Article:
Although they function similarly, there exists a difference in the complexity of the nervous systems in amphibians vs reptiles. On average, the brains and nervous systems of amphibians are less well-developed than those found in reptiles. They tend to grow a smaller cerebrum and cerebellum, which affect things like motor function, thought, and speech. In addition, all amphibians only possess 10 pairs of cranial nerves. These nerves relay information from the brain to different parts of the body, including sensory information like visual images, smells, and sounds. Compared to amphibians, the brains of reptiles appear much more complex. They grow a larger, more well-developed cerebrum and cerebellum. Furthermore, like other higher vertebrates such as mammals and birds, they possess 12 cranial nerves. 

Amphibians and Reptiles: Respiration

The respiratory systems of amphibians and reptiles can vary dramatically. Compared to other amniotes, the lungs of amphibians are more primitive. To inflate their lungs, amphibians must utilize buccal pumping, which involves the animal moving the floor of its mouth to circulate oxygen throughout the body. In addition, most amphibians can also exchange gas through their skin, either in the air or in the water.  On the other hand, reptiles cannot respire through their skin. All reptiles breathe using their lungs, although some reptiles such as turtles evolved more permeable skin that allows for limited gas exchange through their cloaca. That said, most reptiles rely on their diaphragm or supporting muscular system to ventilate their lungs. 

Amphibians and Reptiles: Excretions

As a wise man once said, everyone poops and amphibians and reptiles are no different. However, there is a distinction between the composition of the secretions emitted by amphibians vs reptiles. Namely, the primary byproduct in the waste of amphibians is ammonia. Since most amphibians aren’t concerned with conserving water, their bodies process large amounts of the substance and excrete the waste through their diluted urine. Meanwhile, as reptiles spend most of their time on land, they must conserve as much water as possible. As a result, the primary byproduct in their nitrogenous waste is uric acid. This is likely due to the fact that reptiles, along with birds and mammals, need to lay terrestrial eggs. 

Amphibians and Reptiles: Tongue

Another common difference between amphibians vs reptiles is the shape of their tongue. Most amphibians grow a whole tongue, which is usually sticky to help them pick up prey. This contrasts with the tongues of many reptiles, which often appear bifurcated. Their split tongue operates as a sensory organ that allows the animal to smell and detect prey. Bifurcated tongues exist commonly in many species of snakes and lizards. That said, some reptiles also rely on whole, sticky tongues to catch prey. According to research, chameleons secrete a sticky, viscous mucus on their tongues which is 400 times thicker than human saliva. This sticky substance allows them to catch prey in a similar manner to how a frog uses its tongue to catch insects.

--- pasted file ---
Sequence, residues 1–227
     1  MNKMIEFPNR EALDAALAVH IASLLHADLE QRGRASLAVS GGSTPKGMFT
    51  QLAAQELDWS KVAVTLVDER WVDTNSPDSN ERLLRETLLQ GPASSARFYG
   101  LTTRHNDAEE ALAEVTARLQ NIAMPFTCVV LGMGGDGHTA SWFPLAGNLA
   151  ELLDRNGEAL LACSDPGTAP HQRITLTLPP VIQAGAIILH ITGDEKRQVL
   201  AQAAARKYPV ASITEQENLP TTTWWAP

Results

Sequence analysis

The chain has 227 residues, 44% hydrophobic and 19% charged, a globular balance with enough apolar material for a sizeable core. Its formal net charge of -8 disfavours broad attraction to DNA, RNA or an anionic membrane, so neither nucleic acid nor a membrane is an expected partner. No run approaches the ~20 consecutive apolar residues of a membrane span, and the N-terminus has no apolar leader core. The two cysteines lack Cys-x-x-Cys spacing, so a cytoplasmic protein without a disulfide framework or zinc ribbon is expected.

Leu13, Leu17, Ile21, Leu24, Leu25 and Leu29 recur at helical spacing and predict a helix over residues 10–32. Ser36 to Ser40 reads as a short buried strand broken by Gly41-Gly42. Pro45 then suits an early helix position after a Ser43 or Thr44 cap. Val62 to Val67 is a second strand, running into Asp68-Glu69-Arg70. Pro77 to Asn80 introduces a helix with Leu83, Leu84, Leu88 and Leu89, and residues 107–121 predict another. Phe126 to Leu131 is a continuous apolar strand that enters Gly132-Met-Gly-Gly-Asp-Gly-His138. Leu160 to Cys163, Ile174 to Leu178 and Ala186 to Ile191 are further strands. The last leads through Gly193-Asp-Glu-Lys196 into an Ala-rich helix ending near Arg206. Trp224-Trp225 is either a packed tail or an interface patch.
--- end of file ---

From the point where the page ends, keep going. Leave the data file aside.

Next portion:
Largest salamanders - Japanese giant salamander
A giant salamander with its mouth wide open!

Amphibians and Reptiles: Eyes

The eyes of amphibians and reptiles evolved for specific reasons, which explains why they operate differently. Amphibians evolved to live both on land and in the water. As a result, their eyes can function equally well above and below water. That said, their eyes can only visualize a limited range of colors. However, evidence suggests that they can see certain hues in low light, whereas most eyes would only see black, white, or gray. Meanwhile, the eyes of most reptiles tend to be more well-developed. Since they only adapted to live on land, their eyes can view a broader range of colors, although they operate less well in water. In general, nocturnal reptiles evolve vertical pupils, while diurnal reptiles tend to sport round pupils. 

Amphibians and Reptiles: Eggs

While most amphibians and reptiles lay eggs, their eggs are wildly different from one another. Amphibian eggs appear gelatinous and contain various mucous compounds. The outer layer is permeable to water and gas and can absorb large amounts of water. To fertilize their eggs, amphibians may rely on internal or external fertilization. Once the eggs are fertilized, amphibians typically lay their eggs in water. On the other hand, reptiles lay amniotic eggs covered by a leathery or calcareous shell. Unlike amphibians, all reptile eggs require internal fertilization. However, some amphibians and reptiles give birth to live young, such as fire salamanders and garter snakes. 

alligator hatchlings in their nest
Not all alligators create nests to lay their eggs. Some simply lay their eggs in a grassy area near the water.

Amphibians and Reptiles: Larva

The last difference that we’ll discuss today concerns the larval stage of amphibians vs reptiles. The life cycle of most amphibians usually begins with an aquatic larval stage. During this stage, young animals develop the systems and features they’ll need to survive as adults. Larvae under a process known as metamorphosis, during which their appearance changes from their larval form to their adult form. Unlike amphibians, reptiles do not go through a larval stage and subsequently do not undergo metamorphosis.  Instead, they either lay eggs or give birth to live young that emerge as fully formed juveniles that look like miniature adults. 

Frequently Asked Questions Concerning Amphibians and Reptiles

How old are amphibians and reptiles?

According to fossil records, amphibians date back around 363 million years, while reptiles measure around 315 million years old. 

How many reptiles and amphibians are there?

The Reptile Database lists over 10,700 extant species of reptiles worldwide. Meanwhile, around 6,000 amphibian species exist globally.